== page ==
What were some of those votes? Well, she opposed a carbon tax. She signed onto a resolution supporting ICE and its current immigration tactics. She voted with her party to roll back Dodd-Frank regulations put in place to prevent bankers from engaging in the practices that triggered the 2008 recession, and for the repeal of measures to protect consumers from discriminatory markups on auto loans. She opposed limiting the ability of officials to search and read private messages collected incidentally as part of the Foreign Intelligence Surveillance Act.

She has also been a reliable anti-choice vote, most recently voting to make abortion illegal after 20 weeks. Despite her former experience with criminal activity and gun violence, she voted to make concealed carry permits valid across state lines–a position that most law enforcement professionals view as anathema to reducing gun violence.

And of course, she voted for the execrable tax “reform” bill –  a 1.5 trillion dollar giveaway to the richest Americans at the expense of the middle class, who will have to finance the exploding debt and deficits caused by the tax measure. (Doing so will be made more difficult by the administration’s persistent, successful efforts to increase the costs of healthcare by sabotaging the Affordable Care Act –efforts that Brooks has enthusiastically supported). 

Unlike Indiana embarrassments like Todd Rokita and Jackie Walorski, Brooks is intelligent– she knows how much damage is likely to be caused by these and other measures she has supported. I can only assume that her slavish devotion to this disastrous administration is a cynical effort to foreclose a primary challenge in a district that has been gerrymandered to be reliably Republican.

Staying in office evidently trumps integrity.

Brooks’ Democratic opponent–a businesswoman named Dee Thornton whose positions are far more reflective of those of 5th District voters, according to polls I’ve seen–is an underfunded political novice. Even in a year that promises the possibility of a blue wave, the odds are against her. But if you are one of the many 5th District constituents who thought they were electing a moderate and have subsequently been disappointed, you should register that disappointment, and send Brooks a message, by voting for Dee Thornton.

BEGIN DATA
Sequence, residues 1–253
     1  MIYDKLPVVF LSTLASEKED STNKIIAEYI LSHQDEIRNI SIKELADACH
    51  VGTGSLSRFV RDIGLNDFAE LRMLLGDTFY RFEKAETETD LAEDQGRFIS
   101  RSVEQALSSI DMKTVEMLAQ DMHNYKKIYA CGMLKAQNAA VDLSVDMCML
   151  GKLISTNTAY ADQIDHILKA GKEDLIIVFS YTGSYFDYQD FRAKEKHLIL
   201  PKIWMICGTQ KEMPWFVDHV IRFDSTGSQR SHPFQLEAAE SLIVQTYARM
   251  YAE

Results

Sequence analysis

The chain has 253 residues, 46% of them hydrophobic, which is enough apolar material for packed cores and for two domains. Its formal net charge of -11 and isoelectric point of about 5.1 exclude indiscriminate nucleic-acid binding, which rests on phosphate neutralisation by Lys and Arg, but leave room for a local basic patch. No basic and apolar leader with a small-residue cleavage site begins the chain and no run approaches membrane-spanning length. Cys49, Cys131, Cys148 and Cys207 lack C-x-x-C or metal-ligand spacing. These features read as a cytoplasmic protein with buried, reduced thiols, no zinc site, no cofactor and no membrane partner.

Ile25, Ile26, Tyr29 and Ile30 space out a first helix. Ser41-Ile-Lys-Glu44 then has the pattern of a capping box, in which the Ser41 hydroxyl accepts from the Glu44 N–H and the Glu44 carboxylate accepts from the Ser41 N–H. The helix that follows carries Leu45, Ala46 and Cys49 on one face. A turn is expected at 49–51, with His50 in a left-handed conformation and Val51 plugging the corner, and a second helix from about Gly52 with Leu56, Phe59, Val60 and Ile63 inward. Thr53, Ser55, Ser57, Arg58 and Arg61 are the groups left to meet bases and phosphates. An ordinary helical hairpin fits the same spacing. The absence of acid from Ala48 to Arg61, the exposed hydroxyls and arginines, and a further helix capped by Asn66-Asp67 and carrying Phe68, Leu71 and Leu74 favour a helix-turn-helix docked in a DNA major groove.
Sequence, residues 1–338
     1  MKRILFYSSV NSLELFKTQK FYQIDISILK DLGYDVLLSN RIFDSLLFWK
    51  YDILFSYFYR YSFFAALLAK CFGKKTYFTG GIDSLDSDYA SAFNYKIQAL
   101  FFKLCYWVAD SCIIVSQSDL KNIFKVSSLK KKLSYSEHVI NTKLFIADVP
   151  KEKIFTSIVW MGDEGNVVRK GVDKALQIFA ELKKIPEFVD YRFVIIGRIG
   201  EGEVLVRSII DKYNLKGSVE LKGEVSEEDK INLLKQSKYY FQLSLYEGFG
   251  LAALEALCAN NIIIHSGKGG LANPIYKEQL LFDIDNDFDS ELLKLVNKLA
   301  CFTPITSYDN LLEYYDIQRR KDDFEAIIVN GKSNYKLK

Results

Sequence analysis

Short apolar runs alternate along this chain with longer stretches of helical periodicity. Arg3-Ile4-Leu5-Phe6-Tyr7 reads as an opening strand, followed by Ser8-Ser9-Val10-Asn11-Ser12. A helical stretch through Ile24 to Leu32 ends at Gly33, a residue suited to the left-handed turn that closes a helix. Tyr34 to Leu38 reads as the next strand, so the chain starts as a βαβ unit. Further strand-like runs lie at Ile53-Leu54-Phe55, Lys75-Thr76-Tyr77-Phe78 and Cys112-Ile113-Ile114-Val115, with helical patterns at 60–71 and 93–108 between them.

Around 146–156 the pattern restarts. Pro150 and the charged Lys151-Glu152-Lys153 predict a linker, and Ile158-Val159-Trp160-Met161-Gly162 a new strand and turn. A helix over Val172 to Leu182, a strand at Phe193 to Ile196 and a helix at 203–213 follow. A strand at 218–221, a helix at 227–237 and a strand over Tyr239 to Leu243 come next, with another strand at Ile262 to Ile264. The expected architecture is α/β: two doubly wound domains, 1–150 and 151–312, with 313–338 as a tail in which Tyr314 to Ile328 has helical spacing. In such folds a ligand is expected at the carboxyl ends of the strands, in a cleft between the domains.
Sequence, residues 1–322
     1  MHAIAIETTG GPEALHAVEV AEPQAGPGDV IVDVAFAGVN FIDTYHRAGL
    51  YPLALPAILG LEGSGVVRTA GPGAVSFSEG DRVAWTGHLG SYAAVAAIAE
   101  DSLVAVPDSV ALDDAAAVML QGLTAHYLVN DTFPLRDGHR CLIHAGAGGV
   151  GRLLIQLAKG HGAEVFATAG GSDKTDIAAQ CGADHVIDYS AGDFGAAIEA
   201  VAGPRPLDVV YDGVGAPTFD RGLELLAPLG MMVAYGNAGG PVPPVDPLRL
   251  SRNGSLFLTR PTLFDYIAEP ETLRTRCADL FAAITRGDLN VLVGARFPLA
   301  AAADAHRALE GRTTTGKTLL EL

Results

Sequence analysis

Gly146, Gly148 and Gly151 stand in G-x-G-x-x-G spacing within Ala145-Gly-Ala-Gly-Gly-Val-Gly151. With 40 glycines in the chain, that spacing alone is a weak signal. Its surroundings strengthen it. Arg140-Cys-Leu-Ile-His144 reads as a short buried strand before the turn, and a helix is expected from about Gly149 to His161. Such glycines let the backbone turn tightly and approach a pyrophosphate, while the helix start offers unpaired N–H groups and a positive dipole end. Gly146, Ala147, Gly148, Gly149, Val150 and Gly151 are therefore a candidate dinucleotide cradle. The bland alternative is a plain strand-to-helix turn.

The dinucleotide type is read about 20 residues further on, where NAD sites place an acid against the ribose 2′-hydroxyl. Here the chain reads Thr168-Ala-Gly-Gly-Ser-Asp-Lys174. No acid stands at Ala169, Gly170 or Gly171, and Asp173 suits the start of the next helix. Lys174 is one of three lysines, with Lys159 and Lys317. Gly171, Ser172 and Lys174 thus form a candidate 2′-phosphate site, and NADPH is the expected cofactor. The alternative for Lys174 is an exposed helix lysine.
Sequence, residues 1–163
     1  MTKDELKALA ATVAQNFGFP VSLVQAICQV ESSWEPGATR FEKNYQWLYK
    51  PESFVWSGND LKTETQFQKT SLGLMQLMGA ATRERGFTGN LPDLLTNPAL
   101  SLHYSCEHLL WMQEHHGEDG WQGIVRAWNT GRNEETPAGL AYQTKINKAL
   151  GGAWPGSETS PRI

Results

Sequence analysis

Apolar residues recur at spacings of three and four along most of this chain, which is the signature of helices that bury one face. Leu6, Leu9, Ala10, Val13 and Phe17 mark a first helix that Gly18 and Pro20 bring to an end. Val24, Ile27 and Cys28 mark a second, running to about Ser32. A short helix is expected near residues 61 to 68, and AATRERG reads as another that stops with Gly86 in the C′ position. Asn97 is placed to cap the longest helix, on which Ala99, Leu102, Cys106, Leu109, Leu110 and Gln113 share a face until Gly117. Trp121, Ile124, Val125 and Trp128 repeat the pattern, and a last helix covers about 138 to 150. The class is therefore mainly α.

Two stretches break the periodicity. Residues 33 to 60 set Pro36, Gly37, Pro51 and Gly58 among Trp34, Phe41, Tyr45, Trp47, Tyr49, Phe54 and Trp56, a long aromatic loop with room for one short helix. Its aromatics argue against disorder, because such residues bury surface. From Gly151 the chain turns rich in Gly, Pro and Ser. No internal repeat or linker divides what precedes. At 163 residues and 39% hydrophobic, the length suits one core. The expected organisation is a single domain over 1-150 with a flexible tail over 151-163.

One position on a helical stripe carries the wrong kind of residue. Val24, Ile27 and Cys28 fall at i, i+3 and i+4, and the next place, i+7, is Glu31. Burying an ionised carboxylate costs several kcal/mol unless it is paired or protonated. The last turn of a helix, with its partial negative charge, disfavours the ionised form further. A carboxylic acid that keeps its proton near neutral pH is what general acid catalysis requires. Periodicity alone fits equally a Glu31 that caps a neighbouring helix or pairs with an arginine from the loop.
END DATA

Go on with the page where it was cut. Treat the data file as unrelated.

Meanwhile, Monday’s meeting is a rare opportunity to voice your disapproval in person.

When Ignorance Met Lunacy

Every day, life in America gets more surreal. (Not “When Harry Met Sally” surreal–more “Invasion of the Body Snatchers” surreal.)

Almost every day, there is a departure from the White House. Although no one currently serving there is particularly knowledgable or professional (or, from all appearances, literate) some are reasonably sane–and they’re the ones who have been leaving. Yesterday, it was McMasters–one of the two normal military figures who were supposed to be protecting the nation from Trump’s nuclear fantasies.

If McMasters’ ouster wasn’t worrisome enough, we have learned that he will be replaced by John Bolton, a belligerent chickenhawk who is certifiably loony-tunes.

So here we are. We have a Congress dominated by a Republican Party that is a cross between a cult and a criminal enterprise; a President who hasn’t the foggiest notion what government is, or is supposed to do, and who is uninterested in learning; a looming trade war we can’t win that is likely to devastate the nation’s farmers, among others–and now, a not-insignificant threat that the U.S. will precipitate a nuclear war.

In a column for the Washington Post, Joe Scarborough (formerly a Republican congressman) called Bolton’s appointment a “fitting coda” to the failure of conservatism.

One hundred years ago this week, the founder of modern American conservatism was born into poverty in Plymouth, Mich. Russell Kirk’s “The Conservative Mind,” published in 1953, laid the foundations of a modern conservative movement that dominated the second half of the American Century. But 65 years later, Kirk’s classic work reads instead as a damning indictment against the very movement he helped launch.

The central thesis of Kirk’s philosophy was that “the conservative abhors all forms of ideology” and subscribes to principles “arrived at by convention and compromise” instead of “fanatic ideological dogmata.” Six decades of Republican overreach and corrosive causes have instead led to the rise of Donald Trump and a foreign policy run by John Bolton, an economy guided by Larry Kudlow and a legal team led by conspiracy theorist Joseph DiGenova.

Bolton will be Trump’s third national security adviser in 14 months, but unlike his predecessors, he may last; his history suggests he has a lot in common with our intemperate, reckless and profoundly ignorant President. As Scarborough reminds us, Bolton has called for the preemptive bombing of North Korea and Iran. He has defended his role in taking the U.S. into the Iraq war–a war that was the worst U.S. foreign policy disaster since Vietnam–and had the chutzpah to call Obama’s 2011 decision to bring U.S. troops home “the worst decision” made in that debacle.